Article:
2016 Advocate Harbour Nova Scotia with KLRista Brian & Allen (Not the Astronaut)

Yeah, today I found out that six years ago I never blogged this ride, so here we go from a very rusty memory, but fortunately the statute of limitations has run out on my friend Brian's misadventures, so I can share some pictures and poke more fun at him that I was originally going to do before he and his wife fled the country this past fall.

Oops, a low speed get off?!


Day Tripping: Borden-Carleton PE to Advocate Harbour NS and Return

Drive 351 km, 4 hours, 45 minutes

Borden-Carleton PE to Advocate Harbour NS and Return
351 km, 4.75 hours

It was a chilly fall day, but sometimes those can be the perfect days for a motorcycle ride. I've a heated jacket and grip heaters that I lean on on days like today, and I'll couple those with some insulated overalls, the cotton duck type that I used to use with Bell Canada. 

I'm still in love with the rivers that feed into Fundy Bay, as they are completely outside my experience at low tide, with sand bars, mud flats and exposed chocolate covered banks. My attention is drawn to them, and I snapped a few shots while in motion, but then had to get some better shots around the River Hebert area on NS 209 that changes names as it winds it's way south west along the Fundy Shore out to Advocate on the Chignecto Bay, but first we would have to get to the East Apple River down to the south of us. I love this route that Mike T. (Mister T "I pity da fool!") took Captain Kirk and our band of miscreants south on in July of this same year.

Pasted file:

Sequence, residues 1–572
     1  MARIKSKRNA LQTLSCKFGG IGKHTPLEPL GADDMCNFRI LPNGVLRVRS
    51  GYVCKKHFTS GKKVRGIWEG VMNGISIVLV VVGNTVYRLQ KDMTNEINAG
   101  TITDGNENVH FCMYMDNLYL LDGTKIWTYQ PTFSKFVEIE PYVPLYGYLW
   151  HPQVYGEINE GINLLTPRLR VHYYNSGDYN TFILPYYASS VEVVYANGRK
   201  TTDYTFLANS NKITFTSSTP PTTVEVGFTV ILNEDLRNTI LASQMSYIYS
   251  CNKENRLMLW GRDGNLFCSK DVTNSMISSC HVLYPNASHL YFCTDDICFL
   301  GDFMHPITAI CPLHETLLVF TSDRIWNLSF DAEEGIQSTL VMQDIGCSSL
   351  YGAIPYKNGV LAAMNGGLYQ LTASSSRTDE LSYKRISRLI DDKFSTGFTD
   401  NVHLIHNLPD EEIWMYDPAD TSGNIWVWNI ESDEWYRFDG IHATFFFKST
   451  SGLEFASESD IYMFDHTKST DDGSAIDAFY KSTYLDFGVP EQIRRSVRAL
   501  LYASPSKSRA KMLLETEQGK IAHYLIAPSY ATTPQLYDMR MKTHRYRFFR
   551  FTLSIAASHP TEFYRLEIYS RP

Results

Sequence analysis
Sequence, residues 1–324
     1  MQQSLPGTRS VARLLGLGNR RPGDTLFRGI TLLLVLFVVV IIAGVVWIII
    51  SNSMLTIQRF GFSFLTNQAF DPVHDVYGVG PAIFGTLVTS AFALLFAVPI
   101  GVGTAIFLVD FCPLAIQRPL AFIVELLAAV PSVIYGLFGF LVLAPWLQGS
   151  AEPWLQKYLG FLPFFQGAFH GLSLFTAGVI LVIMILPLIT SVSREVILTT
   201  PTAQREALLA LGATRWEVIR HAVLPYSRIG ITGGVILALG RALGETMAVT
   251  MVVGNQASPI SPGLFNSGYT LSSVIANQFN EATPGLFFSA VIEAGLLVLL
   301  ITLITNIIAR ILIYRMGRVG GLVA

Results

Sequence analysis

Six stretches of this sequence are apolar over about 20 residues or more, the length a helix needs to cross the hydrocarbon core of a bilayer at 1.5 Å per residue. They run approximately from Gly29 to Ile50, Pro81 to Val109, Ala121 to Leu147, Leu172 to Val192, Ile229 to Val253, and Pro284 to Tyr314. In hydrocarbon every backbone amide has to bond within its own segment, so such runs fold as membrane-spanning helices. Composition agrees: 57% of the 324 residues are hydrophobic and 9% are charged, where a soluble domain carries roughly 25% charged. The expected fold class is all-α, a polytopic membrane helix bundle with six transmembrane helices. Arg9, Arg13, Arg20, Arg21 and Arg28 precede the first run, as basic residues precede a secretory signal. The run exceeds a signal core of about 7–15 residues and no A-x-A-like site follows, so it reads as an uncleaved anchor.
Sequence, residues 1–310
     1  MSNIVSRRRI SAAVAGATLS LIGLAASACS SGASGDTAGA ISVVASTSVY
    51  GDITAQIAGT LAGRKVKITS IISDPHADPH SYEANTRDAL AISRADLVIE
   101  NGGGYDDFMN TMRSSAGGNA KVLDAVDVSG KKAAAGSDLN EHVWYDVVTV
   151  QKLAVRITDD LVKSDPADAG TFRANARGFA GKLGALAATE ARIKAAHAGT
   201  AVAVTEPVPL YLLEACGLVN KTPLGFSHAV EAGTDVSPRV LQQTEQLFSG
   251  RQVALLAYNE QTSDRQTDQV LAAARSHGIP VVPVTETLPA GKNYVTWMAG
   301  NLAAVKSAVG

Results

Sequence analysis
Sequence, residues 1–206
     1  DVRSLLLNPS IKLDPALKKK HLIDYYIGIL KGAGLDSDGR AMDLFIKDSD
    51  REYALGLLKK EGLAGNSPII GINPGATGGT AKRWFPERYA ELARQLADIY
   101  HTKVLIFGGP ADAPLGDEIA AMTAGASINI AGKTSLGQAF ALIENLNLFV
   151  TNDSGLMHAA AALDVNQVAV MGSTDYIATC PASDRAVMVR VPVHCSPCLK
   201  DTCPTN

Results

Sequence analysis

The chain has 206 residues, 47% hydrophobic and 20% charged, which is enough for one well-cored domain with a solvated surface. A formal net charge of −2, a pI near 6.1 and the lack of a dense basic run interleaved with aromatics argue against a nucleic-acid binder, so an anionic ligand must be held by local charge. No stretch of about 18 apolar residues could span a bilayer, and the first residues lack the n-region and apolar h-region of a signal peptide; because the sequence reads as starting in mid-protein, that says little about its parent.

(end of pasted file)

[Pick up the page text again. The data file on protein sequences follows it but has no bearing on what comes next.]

The Bay of Fundy experiences some of the highest tides in the world, and I found a very interesting site that explains them in more detail. Bay of Fundy Tides: The Highest Tides in the World! And this side of the bay, opposite the Hopewell Rocks in New Brunswick, the tides can rise and fall as much as 16 meters at the head of the bay in Minas Basin. Incredible! 

My grandmother Jennie Corkhum was born near Halls Harbour Nova Scotia on the Bay of Fundy, and here is a time lapse video of the tides in that small harbour.

River Hebert
Nova Scotia
as seen from NS 242

Downtown Joggins
Nova Scotia

MacCarron's River
Old Shulie Branch Road
Joggins NS

MacCarron's River
Old Shulie Branch Road
Joggins NS

MacCarron's River
Old Shulie Branch Road
Joggins NS
Brian and I got a chance to meet the homeowner, and I asked permission to take some photos of his shed and moose antlers that decorated it. 

The road isn't too bad this side of the peninsula, but there are some rough spots. 

209 is a pretty fast 80 kph road, until you see a sign alerting you to a corner ahead, which segues right into another corner that is usually covered in a bit of sand or pea gravel, and BANG! Right onto a single lane wooden decked bridge.  Earlier this year, Kirk on his BMW F800GS used a bit of his ABS here while making the corner, as he hit that patch of dirt mid corner trying to shed speed to control the bike to make the next corner, right onto the bridge itself. Trouble is, his son Ryan was in hot pursuit, so it became a memorable moment for the pair of them. Not so with Brian and I today, as I'd warned him about it, so we took it fairly sedately. 

Sand River flowing into Chignecto Bay
Nova Scotia
As seen from NS 209.